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Re: cat removal?

> ------------------------------
> From: PDQSHIP@aol.com
> An empty cat on a turbo car will pass emissions (and infact, I'm running half
> of what is allowed on the 3 tests in my state, so I still feel that I'm a
> I know my state is pretty strict and so is Dan Bocek's and we both pass
> emissions with flying colors, no reverse mods.....
> Scott

> From: glen.powell@smc.com
> Date: 11 May 1995 08:27:18 -0400
> Subject: Re: cat removal?
>   On killing the kitty.....

>   As to the morality of cat removal or hoggin' out the cat, I've found that
>   the '85
>   ur-Q passed the tough Taxxachusetts emission tests without the cat, but
>   also
>   found that 1/4 mile times were the same with and without, when the car
>   was
>   in a basically stock state of tune. So if you are basically stock, there
>   is little
>   to be gained by removing the cat, and, if you do, the environmental
>   impact
>   is not large. I think it would make a lot more sense if the
>   powers-that-be would
>   look at regulating diesel emissions on everything from cars to the
>   largest
>   trucks and leave the few modifiers and enthusiasts alone, IMFO.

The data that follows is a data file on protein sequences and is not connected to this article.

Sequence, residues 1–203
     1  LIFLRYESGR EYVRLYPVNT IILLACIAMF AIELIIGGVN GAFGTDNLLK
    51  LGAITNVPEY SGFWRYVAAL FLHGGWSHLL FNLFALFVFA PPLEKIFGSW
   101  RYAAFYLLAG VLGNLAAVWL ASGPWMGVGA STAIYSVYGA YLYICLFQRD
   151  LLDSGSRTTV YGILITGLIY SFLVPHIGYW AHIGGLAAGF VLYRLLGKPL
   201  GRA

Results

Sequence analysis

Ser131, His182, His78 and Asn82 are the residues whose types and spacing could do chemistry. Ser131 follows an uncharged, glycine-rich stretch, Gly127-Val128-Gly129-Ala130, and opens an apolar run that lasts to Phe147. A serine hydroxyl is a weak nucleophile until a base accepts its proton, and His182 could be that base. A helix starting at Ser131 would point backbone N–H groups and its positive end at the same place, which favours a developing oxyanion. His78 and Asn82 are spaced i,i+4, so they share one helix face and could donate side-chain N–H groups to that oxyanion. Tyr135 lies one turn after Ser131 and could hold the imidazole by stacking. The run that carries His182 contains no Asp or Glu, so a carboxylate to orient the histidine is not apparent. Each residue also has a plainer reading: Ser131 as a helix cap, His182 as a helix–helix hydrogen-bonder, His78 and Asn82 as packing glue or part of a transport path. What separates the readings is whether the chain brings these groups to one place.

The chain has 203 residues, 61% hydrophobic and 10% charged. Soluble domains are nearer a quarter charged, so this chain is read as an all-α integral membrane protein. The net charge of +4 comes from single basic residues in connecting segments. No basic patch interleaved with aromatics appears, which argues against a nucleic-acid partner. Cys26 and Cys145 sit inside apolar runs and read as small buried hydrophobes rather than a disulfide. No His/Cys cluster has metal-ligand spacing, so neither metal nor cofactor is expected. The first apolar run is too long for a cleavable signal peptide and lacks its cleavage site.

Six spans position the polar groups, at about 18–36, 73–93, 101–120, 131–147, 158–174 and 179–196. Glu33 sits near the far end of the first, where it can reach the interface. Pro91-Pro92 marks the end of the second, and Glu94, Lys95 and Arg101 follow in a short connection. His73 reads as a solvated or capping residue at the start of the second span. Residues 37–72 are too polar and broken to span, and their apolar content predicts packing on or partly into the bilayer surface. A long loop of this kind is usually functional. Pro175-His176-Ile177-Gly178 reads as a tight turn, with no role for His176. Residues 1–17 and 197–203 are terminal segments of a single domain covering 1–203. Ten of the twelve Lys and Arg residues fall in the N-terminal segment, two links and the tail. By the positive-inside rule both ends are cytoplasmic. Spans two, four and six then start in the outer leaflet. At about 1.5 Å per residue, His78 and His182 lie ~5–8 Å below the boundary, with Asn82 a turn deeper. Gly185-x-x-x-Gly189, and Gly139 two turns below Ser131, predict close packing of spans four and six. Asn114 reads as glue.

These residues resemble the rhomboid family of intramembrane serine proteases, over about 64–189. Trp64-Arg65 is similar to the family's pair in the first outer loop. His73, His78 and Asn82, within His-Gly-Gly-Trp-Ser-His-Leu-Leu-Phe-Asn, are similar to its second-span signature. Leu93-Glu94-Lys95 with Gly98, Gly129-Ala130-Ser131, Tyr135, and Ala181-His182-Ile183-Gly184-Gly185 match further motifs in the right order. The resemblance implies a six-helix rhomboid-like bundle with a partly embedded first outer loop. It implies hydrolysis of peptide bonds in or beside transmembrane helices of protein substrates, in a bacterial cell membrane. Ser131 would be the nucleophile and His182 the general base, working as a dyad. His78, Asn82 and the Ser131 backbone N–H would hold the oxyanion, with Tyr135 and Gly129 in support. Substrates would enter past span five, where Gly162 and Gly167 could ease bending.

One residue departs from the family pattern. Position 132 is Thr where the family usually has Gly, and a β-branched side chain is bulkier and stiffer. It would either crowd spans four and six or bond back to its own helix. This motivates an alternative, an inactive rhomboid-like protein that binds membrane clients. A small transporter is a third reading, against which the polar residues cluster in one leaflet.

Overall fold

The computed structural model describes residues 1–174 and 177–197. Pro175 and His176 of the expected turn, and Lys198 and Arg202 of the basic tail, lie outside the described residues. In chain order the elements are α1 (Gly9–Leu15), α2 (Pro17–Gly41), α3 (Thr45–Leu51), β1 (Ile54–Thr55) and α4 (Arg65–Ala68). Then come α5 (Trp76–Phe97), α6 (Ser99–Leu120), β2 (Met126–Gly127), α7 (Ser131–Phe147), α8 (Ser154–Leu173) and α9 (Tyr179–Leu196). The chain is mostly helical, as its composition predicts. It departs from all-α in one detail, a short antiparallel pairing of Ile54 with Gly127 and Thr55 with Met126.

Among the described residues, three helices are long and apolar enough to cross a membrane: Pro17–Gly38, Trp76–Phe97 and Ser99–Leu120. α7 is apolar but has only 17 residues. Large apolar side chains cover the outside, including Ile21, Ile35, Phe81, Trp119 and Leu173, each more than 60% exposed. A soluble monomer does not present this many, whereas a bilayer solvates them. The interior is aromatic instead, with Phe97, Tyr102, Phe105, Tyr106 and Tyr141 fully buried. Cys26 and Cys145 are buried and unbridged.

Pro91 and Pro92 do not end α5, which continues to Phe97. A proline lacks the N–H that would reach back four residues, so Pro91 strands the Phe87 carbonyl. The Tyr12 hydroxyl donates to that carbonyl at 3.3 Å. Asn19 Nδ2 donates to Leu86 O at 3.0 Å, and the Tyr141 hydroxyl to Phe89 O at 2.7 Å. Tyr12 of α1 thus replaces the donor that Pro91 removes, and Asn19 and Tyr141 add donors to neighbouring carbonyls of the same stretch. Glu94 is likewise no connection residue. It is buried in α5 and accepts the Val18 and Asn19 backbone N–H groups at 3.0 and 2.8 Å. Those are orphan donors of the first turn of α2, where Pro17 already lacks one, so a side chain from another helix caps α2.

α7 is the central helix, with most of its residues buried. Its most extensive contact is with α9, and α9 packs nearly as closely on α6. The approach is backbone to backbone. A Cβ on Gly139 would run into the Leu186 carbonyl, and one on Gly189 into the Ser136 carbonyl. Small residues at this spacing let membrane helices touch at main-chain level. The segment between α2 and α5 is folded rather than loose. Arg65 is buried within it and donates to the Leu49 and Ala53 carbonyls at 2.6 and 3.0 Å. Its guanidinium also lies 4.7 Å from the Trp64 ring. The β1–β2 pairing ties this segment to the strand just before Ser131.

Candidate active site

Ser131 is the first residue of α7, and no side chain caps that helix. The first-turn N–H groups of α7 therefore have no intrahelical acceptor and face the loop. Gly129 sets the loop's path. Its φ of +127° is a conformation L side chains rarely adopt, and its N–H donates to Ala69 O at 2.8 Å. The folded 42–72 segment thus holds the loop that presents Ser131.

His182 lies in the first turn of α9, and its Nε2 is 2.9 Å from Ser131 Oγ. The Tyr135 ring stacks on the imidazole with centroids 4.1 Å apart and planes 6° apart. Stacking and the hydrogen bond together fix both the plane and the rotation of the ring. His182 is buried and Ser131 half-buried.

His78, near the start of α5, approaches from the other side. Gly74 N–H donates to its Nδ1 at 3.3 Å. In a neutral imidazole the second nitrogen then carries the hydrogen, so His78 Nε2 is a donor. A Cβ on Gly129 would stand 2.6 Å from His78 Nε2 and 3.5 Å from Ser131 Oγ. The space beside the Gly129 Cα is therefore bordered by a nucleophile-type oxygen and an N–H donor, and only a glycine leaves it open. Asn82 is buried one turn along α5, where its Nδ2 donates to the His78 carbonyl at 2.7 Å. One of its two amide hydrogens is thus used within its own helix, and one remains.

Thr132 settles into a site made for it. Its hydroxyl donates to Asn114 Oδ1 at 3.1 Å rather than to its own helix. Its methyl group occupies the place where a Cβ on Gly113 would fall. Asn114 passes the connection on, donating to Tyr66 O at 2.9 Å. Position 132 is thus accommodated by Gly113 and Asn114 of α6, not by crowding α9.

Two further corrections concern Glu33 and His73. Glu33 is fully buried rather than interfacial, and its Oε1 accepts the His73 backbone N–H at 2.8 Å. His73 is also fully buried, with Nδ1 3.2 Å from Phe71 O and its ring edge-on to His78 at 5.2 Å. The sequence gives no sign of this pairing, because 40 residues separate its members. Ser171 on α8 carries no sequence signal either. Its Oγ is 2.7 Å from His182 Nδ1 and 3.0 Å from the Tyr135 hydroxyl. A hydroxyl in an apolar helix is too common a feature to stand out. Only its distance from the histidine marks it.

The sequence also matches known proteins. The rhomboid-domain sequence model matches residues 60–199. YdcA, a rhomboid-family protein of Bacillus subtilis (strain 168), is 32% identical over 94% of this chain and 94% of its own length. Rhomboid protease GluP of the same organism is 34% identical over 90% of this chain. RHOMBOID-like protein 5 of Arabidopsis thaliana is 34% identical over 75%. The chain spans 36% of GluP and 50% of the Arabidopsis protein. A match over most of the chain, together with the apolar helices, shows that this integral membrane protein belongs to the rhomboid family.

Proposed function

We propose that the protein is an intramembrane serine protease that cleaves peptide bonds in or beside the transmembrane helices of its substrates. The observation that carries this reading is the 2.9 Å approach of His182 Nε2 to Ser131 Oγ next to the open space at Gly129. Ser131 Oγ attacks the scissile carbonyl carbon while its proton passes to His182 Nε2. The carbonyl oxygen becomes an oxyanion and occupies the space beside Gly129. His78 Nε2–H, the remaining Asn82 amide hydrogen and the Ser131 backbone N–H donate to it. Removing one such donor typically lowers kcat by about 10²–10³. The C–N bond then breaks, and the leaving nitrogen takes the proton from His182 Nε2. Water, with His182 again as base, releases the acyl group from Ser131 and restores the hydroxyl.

>   -glen

I think you'll find, if you check out your tailpipe emissions results
with/without the cat, that it makes a *big* difference.  The mfrs didn't
put them on their for no reason, and as far as I know, the Clean Air Act
specifies emission levels, not technology by which to achieve it.  EPA's
rules revolve around protecting the technical solution (among other things);
since the cat is a key piece of the technology right now, they address it 
directly in their rules.

Typically test levels are set (even in CA or MA) to catch really grossly
out-of-tune cars.  You can remove the cat and still pass these tests.  But
you'll make probably an order of magnitude more ppm emissions this way. For
example, it seems to me that if I'm tuning my 4ksq using the access port
before the cat, I'm supposed to adjust the mixture for say 1-2% CO.  But my
smog check will show perhaps .1% CO or less after the cat.  I don't think these
are exactly the right numbers, but you get the idea...  it would be similar
for HC and NOX.

I can't imagine why having a turbo would make a difference in regard to this.

Not moralizing here, just pointing out the facts...  As the owner of a 1974
Datsun 260Z, a car with one of the worst conglomerations of vacuum/electric/
spring loaded valves and doodads to reduce smog (not so mention the worlds
worst incarnation of the SU carberettor), I have always been 
extremely frustrated by the laws which make it so hard to improve these
cars with newer technology, especially in states with draconian enforcement
and visual inspection like CA.


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